A two-week state of emergency declared in Lebanon • A newspaper close to Hezbollah: The detonated warehouse contained about 2,700 tons of improperly stored ammonia • The Red Cross in Lebanon: "Huge catastrophe" • Security source in Lebanon: "The explosion - following welding work carried out at the site"
Port of Beirut the morning after the explosion, today
A man pushes a baby stroller with his son against the backdrop of the ruins in Beirut, today
Billions of dollars in damage. Beirut, today
100 people were killed and close to 4,000 people were injured in an explosion last night (Tuesday) at a port in the capital Beirut, and according to the country's Red Cross secretary, the death toll is expected to rise as many trapped are still under the rubble. A two-week state of emergency has been declared.
State television in the state reported that the state rescue authorities believe that a large number of other victims are buried under the rubble in neighborhoods close to the center of the explosion at the port in the days of the city.
According to the Lebanese newspaper Al-Akhbar close to Hezbollah, the intensity of the explosion was so great that it could be compared to the power of a tactical nuclear bomb. It is estimated that the damage in Beirut will reach billions of dollars. According to the Lebanese Interior Minister, in the No. 12 warehouse where the explosion took place, 2,700 tons of the chemical compound ammonia were stored in the last six months neglected and without proper packaging and storage, leading to an explosion worth between 600 and 800 tons of TNT. Lebanese President Michel Aoun said the ammonia was stored instead of fertilizer and weapons, stored in a warehouse for six years without maintaining the required safety measures: "This is not acceptable." He called for an urgent cabinet meeting today.
The explosion at a port in Beirut
Sources in Lebanon could not say what caused the spark that led to the explosion. A security source in the state and local media said the spark was created following welding work carried out by a guy who was in a warehouse. A source in the Lebanese defense establishment said that near the ammonia warehouse were toxic waste barrels stored at the site since the 1990s.
Ibrahim al-Amin, the editor of Al-Akhbar, commented on the blast, saying the videos seen from the scene were reminiscent of world-end scenes, and attacked the country's decision-makers: "The city has become a mound of rubble. Whether what caused the explosion was a mistake or a sabotage "This is nothing but a cover. The explosion revealed the face of a systemic collapse. An integrated systemic collapse, from the way of thinking through behavior and management to dealing with crises." Al-Amin went on to say that "whoever is supposed to take responsibility has within minutes become an expert in the unknown sciences. Nothing else will be said - it is the collapse that preceded the great destruction which left nothing behind."
Dozens killed and thousands injured in an explosion in the port of Beirut; Hezbollah members interpreted the scene of the disaster
• Israel offered humanitarian aid to Lebanon
Hiroshima in Beirut: The apocalyptic explosion in the Lebanese capital is a sub-reality event
In the hours since the blast, fire was still rising from the scene of the blast, with the sounds of the sirens of ambulances traveling across the city being heard from everywhere. "We are witnessing a huge catastrophe," said Lebanese Red Cross chief George Katani. "There are dead and wounded everywhere." Hoda Barudi, a designer from the city, said the blast blew her a few meters away: "I was shocked and full of blood. It reminded me of the blast at the US Embassy in 1983." The Lebanese Red Cross said the situation in the city was so dire that its people could not reach the homes of the wounded, so they opened two first aid sites.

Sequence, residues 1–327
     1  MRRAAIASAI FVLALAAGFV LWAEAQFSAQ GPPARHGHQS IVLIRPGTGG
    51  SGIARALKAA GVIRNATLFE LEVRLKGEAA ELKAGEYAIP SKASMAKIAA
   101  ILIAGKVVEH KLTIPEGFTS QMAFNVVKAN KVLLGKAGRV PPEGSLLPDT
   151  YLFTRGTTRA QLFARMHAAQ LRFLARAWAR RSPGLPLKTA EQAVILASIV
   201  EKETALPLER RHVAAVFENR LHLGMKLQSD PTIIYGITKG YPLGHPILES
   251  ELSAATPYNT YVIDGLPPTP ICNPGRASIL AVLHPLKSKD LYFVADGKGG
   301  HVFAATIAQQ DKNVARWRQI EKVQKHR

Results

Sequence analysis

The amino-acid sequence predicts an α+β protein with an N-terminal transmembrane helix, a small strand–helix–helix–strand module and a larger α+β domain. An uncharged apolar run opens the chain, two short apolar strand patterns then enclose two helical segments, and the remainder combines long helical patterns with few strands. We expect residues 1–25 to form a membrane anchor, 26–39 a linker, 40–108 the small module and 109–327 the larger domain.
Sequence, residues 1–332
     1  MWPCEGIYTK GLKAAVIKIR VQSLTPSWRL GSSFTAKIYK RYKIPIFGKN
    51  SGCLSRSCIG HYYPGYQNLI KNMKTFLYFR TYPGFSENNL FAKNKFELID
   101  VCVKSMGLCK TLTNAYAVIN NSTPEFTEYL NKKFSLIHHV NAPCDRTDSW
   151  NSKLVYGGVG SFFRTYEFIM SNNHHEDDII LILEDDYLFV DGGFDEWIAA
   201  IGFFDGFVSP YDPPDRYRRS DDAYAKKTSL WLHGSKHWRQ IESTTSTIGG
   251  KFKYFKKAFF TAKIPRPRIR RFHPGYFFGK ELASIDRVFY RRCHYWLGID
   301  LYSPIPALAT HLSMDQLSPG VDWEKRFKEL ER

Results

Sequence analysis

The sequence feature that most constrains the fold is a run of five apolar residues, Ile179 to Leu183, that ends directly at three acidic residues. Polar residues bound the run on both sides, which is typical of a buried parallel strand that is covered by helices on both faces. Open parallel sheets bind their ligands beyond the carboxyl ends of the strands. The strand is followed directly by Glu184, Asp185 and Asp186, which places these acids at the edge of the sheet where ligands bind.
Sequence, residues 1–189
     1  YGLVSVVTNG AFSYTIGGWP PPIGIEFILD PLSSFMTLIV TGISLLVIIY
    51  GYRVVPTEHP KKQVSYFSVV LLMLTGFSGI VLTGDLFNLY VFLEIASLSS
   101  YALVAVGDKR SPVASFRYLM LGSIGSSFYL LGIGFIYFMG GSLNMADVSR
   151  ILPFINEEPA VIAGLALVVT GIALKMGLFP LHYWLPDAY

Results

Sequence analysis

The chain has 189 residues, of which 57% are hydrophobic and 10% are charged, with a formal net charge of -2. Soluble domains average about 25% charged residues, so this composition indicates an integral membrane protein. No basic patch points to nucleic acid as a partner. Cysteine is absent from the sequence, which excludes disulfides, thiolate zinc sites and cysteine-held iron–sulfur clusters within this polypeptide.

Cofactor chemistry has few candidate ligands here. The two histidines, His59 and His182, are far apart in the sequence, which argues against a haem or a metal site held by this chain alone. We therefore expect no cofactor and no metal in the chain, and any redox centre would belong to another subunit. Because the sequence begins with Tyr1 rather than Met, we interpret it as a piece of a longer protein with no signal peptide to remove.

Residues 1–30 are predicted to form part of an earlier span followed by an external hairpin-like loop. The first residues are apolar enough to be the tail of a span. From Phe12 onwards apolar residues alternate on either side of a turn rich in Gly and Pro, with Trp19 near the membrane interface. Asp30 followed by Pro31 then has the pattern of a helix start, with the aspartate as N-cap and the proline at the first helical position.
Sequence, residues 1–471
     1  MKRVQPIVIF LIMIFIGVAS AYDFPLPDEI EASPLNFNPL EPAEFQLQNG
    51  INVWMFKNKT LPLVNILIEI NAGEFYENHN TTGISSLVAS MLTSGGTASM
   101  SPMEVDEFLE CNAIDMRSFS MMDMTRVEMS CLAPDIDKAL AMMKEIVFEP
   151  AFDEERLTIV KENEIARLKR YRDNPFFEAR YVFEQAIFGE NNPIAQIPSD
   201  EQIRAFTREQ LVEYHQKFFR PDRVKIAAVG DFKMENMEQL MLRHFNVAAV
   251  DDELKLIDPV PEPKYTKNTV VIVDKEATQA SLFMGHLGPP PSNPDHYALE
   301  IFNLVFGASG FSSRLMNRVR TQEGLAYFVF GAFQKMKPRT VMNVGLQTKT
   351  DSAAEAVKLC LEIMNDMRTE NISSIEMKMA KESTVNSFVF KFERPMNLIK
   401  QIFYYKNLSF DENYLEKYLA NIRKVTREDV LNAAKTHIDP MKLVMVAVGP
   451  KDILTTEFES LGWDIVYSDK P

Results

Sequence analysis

Lebanon's health minister said there were many missing persons at the scene: "People are asking the authorities about their loved ones, and it is difficult to look for them in the dark of night even because there is no electricity." Meanwhile, the U.S. embassy in Lebanon has called on residents to beware of toxic gases that could be released following the blast, to stay in their homes as much as possible and wear masks on their faces.
Senior political figures in Jerusalem said that Israel had nothing to do with the incident. Defense Minister Bnei Gantz and Foreign Minister Gabi Ashkenazi said that under their direction, "Israel turned to Lebanon through international security and political elements and offered the Lebanese government medical humanitarian assistance." US President Donald Trump also referred to the incident, expressing condolences on the loss of life. The U.S. president added that he estimated the blast was caused by an attack or a bomb, but two U.S. officials said the intelligence in their possession contradicted Trump. However, Lebanese Deputy Speaker Ali Prazli said in an interview with Al-Malka that Israel was behind the blast.
The blast occurred three days before the Lebanese court was due to hand down its sentence in a trial against four Hezbollah operatives suspected of involvement in the assassination of former Lebanese Prime Minister Rafik al-Hariri and 21 other people in 2005.
The International Court of Justice is expected to publish today the conclusions of the assassination investigation that could lead to Nasrallah and Hezbollah.